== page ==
The Story is the Thing

Hamlet Yale Rep - University Theatre

In October of 2012, I attended Harvard Business School’s Marketing Innovation Conference in Cambridge, MA. I went with fairly high expectations but, so my own surprise, it was because of John Skipper, CEO of ESPN, that it became an experience that continues to stick with me. All of the other tremendous speakers and panelists were interesting and thought-provoking but it was Skipper’s keynote on storytelling that left the unshakeable impact. Here was the CEO of a mega-sports network unexpectedly focusing on the importance of story over such ESPN basics like top ten highlight reels, grammatically inept jokes, or game statistics. Looking back on it today, the true shock factor of it all is that Skipper wasn’t simply correct in his vision for ESPN, it was prescient nature of that vision.

Looking at the marketing and advertising landscape at present, it is clear that content is the new ROI. Brands want customers to be engaged and not simply to be blasted and bombasted by a plethora of ads. It is easy to spend money on promoting ads all over social media, buying banner ads, creating billboards and the like to ensure visibility to customers but it is no longer enough. Case in point, Google just revealed that 56% of digital ads served are never seen. So if visibility alone does not ensure success, the logical focus is on creating meaningful content that truly engages potential and existing consumers alike. Which leads back to the importance, and simmering power, of stories.

Think back to the last time you had a really good story to tell. Perhaps you narrowly escaped death with your awesome driving skills, or you finally asked out that flirtatious co-worker, or you got nearly got mugged; it doesn’t matter what the story is, it matters that you want to tell it. To have a good story is to want to share it, like found cash, not sharing it is just unrealized potential. Stories carry weight and add value to what can be the mundaness of daily, ordinary life. At a time when Christmas parties are running rampant, do you really want to be that person that talks about your job, your pet or how terrible the weather is or do you want to tell captivating stories?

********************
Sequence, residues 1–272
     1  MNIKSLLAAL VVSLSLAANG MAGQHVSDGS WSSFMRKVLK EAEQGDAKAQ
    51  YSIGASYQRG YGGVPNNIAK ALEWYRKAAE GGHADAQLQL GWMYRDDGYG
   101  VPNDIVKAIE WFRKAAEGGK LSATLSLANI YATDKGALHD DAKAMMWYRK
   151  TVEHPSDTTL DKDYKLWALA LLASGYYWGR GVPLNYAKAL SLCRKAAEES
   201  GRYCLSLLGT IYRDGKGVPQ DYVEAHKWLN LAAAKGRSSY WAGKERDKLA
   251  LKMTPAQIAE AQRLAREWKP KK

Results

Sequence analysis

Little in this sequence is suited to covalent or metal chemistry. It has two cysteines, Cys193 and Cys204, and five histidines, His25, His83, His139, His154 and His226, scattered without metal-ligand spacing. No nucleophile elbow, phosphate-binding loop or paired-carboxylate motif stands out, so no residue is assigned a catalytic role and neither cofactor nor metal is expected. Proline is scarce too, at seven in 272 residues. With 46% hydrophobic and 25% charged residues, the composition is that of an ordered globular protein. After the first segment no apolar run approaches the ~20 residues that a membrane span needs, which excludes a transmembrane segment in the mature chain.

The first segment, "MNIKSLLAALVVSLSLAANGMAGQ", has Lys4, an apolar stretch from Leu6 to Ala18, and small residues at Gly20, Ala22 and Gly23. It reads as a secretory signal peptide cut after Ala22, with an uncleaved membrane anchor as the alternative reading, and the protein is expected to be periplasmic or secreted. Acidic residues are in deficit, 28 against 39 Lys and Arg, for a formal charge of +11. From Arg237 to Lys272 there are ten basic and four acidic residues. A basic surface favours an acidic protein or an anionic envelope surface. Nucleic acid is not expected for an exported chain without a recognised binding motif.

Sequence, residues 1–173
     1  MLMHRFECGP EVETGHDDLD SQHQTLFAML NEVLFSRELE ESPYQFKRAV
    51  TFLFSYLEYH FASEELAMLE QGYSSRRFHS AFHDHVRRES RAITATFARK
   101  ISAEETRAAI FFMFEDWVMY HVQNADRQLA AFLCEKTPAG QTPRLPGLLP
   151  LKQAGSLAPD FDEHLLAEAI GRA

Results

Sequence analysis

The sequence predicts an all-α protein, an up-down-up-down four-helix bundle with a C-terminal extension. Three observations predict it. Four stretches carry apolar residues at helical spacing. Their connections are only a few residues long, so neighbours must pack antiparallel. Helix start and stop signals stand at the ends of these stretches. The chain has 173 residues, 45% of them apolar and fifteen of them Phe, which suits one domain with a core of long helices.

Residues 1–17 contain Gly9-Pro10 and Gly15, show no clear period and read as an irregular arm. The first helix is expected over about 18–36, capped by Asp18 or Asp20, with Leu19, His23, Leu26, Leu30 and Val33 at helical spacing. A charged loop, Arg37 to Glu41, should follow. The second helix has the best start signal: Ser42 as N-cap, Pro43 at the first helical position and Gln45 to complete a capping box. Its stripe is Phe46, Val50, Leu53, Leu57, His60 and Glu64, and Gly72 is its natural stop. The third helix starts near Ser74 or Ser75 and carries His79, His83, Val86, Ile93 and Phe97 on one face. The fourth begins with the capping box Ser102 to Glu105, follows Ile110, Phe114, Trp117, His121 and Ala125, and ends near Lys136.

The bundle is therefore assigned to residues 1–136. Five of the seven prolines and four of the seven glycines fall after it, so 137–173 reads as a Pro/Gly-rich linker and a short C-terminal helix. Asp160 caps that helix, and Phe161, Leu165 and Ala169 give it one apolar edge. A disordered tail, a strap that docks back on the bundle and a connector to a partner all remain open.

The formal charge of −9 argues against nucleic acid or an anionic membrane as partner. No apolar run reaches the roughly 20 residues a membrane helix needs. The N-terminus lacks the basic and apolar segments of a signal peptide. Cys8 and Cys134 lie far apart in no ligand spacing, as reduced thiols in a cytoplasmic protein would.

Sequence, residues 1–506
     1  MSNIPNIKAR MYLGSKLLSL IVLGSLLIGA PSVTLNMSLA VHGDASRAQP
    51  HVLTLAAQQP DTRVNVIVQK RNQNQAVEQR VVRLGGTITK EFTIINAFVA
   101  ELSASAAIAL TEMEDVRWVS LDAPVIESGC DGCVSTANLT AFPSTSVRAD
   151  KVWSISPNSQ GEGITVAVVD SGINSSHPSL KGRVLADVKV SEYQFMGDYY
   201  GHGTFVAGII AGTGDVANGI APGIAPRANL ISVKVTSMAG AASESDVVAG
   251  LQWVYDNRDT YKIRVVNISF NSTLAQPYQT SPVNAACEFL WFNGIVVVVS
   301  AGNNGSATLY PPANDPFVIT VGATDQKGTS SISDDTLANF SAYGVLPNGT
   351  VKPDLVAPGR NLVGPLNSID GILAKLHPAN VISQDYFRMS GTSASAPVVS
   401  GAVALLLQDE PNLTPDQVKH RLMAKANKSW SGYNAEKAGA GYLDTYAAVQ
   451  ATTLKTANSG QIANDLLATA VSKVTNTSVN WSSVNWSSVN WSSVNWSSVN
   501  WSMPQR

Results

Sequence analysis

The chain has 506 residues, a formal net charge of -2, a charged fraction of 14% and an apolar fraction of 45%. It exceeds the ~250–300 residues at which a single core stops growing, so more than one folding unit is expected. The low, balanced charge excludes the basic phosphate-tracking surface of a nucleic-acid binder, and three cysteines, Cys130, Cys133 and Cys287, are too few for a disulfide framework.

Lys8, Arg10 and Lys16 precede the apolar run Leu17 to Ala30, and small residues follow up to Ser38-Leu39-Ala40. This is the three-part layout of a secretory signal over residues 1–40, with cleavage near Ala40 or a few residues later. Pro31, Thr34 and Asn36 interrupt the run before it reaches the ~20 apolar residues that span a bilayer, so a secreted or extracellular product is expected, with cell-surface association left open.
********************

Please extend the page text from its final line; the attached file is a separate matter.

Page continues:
“I long to here the story….which must captivate the ear strangely.”
– William Shakespeare

The point isn’t that we all have to have incredible experiences that become incredible stories, the point is that we are enamored by stories. The ones we tell, the ones we hear, the ones we read, the ones watch, the ones the ones the ones. Life is too short to simply check out the statistics of your fantasy football team, scroll through tweets or unwind to reality television. With so much information constantly at our fingertips, it is easy to have a “click-through” life where just go on auto-mode and keep searching, scrolling and clicking. And we know this. It is why we love engaging and connecting with stories in any form.

Those in the advertising industry have already keyed in on this change and power-players like John Skipper have been in on it for years. Now I could argue that knowing about it doesn’t mean your good at it, as any five minutes watching SPORTSCENTER will clearly show, but the long-term effort is still necessary. Having a story-telling philosophy allows for an emphasis when tilling the ever-growing mounds of data to connect the relevant dots and find the hidden story within. As your algebra tried to tell you, it isn’t enough to get to an answer, the journey to it is just as important. Finding out that your team won the game is great, but watching the story of the game unfold is better, much better.

My advice is to you is to listen for the story. They are everywhere and they are desperate for an audience. Whether it is Bacardi Rum artfully telling their untamable history, or watching two competing viewpoints on Showtime’s Golden Globe nominee The Affair, or listening to Hozier plead for you to be taken to church or even your mother telling you how the cat got out, the story is there. In Shakespeare’s Hamlet, the protagonist knew that the play was thing to get the conscience of the deceitful king but for today’s consumers, the story is the thing…

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